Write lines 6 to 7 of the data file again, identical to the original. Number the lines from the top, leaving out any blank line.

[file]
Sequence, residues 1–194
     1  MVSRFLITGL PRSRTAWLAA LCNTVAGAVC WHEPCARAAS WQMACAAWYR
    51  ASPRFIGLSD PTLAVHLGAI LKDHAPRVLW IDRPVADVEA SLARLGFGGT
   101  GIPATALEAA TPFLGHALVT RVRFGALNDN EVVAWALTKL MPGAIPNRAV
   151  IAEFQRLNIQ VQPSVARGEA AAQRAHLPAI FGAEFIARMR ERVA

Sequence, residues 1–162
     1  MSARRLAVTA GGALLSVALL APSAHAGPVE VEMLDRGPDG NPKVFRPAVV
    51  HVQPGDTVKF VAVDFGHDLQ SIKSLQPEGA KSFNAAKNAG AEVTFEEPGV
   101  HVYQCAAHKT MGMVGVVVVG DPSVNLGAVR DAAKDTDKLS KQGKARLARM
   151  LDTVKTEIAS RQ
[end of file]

Sequence, residues 1–162
     1  MSARRLAVTA GGALLSVALL APSAHAGPVE VEMLDRGPDG NPKVFRPAVV